He remarked that there still remained room for further change. “1.2 billion Chinese have a right to know what is really going on and when they know that, they can judge what’s right from what’s wrong.”

“In Tibet, even as suppression has increased, Tibetans have continued to pursue non-violence,” His Holiness said. He highlighted the cases of the more than 150 people who have committed self-immolation as examples, saying that they were very sad on the one hand, but on the other were worthy of admiration because they remained non-violent, at least in relation to others.

His Holiness stated firmly that the Tibetans resolved not to seek the independence of Tibet but to achieve genuine autonomy within the framework of the People’s Republic of China (PRC).

Ms Yoshiko Sakurai, president of the Japan Institute of National Fundamentals, interviewing His Holiness the Dalai Lama in Yokohama, Japan, 13 November 2018. Photo/Tenzin Choejor/OHHDL

“Since 1974 we haven’t been seeking independence for Tibet, being prepared instead to remain within the People’s Republic of China. Much has changed in China over the last 40 years. The number of Buddhists has grown to more than 300 million, many with an interest in Tibetan Buddhism. Meanwhile, even hardliners among the officials are in a dilemma about how to deal with Tibet. They see that 70 years of suppression and attempted brainwashing hasn’t diminished the Tibetan spirit.

“Instead of independence, we are seeking mutual benefit. The Chinese can help us with infrastructural development and we can help them with Buddhist psychology. So, our Middle Way Approach is an attempt to reach a mutual agreement for mutual improvement. Some Tibetans exercise their freedom to remain set on independence such as we enjoyed in 7th, 8th and 9th centuries.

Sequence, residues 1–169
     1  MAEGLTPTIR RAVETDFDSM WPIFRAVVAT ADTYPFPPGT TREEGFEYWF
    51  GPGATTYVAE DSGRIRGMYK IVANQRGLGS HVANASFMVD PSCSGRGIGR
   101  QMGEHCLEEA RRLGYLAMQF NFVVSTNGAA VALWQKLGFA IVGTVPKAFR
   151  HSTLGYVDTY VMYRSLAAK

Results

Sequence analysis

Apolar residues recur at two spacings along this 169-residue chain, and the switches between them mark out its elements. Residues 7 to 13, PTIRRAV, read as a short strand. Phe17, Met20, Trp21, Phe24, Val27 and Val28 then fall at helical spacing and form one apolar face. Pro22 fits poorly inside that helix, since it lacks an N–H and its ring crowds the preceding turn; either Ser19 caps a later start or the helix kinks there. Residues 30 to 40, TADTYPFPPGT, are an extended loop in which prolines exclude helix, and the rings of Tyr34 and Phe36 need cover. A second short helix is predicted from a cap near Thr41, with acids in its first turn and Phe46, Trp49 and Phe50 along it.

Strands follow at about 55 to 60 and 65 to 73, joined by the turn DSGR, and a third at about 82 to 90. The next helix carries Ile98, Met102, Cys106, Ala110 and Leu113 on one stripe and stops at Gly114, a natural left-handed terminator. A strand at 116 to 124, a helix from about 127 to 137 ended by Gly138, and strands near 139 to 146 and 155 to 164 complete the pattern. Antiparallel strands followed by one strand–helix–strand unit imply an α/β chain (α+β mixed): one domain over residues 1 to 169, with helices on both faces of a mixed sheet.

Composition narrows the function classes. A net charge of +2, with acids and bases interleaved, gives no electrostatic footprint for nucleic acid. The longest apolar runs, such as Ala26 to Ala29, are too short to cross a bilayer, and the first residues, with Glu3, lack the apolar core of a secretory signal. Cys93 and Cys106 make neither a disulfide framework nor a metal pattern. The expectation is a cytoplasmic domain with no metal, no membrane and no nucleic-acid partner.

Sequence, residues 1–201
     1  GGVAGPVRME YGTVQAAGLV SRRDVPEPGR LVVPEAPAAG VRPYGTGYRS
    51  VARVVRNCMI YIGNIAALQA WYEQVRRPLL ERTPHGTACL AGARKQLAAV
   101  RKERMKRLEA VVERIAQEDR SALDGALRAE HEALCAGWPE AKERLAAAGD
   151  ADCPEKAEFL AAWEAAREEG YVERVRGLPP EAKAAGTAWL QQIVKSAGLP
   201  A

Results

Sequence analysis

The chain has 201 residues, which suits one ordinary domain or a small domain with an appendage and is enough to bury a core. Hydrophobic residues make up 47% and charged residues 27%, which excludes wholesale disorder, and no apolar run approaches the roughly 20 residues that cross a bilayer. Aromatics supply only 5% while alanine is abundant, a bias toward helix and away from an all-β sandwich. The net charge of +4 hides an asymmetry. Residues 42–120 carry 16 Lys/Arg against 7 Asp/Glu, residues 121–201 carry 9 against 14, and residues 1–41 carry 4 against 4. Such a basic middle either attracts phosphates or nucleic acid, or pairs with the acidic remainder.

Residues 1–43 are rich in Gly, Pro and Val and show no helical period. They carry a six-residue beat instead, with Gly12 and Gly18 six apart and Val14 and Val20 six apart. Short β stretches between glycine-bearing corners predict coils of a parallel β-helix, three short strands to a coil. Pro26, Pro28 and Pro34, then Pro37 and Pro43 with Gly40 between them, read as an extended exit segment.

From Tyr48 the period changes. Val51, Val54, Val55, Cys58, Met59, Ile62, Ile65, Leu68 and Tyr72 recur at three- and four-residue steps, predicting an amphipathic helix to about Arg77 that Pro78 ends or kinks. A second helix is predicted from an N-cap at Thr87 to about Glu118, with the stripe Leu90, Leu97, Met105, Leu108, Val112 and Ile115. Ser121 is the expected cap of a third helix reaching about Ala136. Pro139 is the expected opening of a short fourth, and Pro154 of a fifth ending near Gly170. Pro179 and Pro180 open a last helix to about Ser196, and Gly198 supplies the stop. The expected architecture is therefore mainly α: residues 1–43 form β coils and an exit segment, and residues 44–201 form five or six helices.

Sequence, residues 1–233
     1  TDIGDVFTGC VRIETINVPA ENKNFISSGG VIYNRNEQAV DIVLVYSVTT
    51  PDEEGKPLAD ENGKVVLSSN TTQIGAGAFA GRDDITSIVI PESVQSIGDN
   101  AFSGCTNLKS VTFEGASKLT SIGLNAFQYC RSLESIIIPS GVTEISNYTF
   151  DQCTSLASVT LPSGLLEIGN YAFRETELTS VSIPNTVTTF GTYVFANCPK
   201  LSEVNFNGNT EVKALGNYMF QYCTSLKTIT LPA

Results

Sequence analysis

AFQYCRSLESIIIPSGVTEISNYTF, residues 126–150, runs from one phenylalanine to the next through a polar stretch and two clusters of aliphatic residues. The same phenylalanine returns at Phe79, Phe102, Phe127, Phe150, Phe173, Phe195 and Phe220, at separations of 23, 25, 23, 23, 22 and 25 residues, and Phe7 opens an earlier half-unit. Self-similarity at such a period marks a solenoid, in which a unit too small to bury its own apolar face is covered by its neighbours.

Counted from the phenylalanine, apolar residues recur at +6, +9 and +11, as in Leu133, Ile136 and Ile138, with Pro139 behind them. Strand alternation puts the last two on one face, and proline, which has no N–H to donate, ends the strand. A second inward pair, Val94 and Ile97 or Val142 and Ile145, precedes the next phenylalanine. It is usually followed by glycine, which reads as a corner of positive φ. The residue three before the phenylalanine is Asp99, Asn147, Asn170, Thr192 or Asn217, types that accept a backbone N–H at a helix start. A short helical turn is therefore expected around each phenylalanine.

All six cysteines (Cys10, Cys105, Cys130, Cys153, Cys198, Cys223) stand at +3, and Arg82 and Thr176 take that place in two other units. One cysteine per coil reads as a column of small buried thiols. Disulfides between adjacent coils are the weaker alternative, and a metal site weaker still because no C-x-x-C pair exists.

“However, I am a great admirer of the spirit of the European Union that places the common interest of all its members above individual nation’s concerns. India too is a federation of states with different languages, cultures and religious traditions that are part of a union. I venture to imagine some kind of future union prevailing between India, China and Japan.”

His Holiness said he hoped for genuine autonomy to be granted in Uyghur, Mongol and Tibetan regions.

Addressing a question on how Japanese and Tibetans can contribute to the welfare of humanity, His Holiness offered his admiration for the Shinto Tradition and its appreciation of natural environment. He explored the possibility of combining technological development with a deep understanding of the workings of the mind to enable more people to find inner peace.

His Holiness expressed hope for Japan, as a country that has endured a nuclear attack, to lead efforts towards denuclearisation. 

The report is sourced from dalailama.com.

Ms Yoshiko Sakurai, president of the Japan Institute of National Fundamentals, and His Holiness the Dalai Lama share a greeting before the interview, Yokohama, Japan, 13 November 2018. Photo/Tenzin Choejor/OHHDL

His Holiness the Dalai Lama poses for a photo with the members of the production team after his interview with Ms Yoshiko Sakurai, president of the Japan Institute of National Fundamentals, in Yokohama, Japan, 13 November 2018.

image : 图片翻拍自OHHDL网站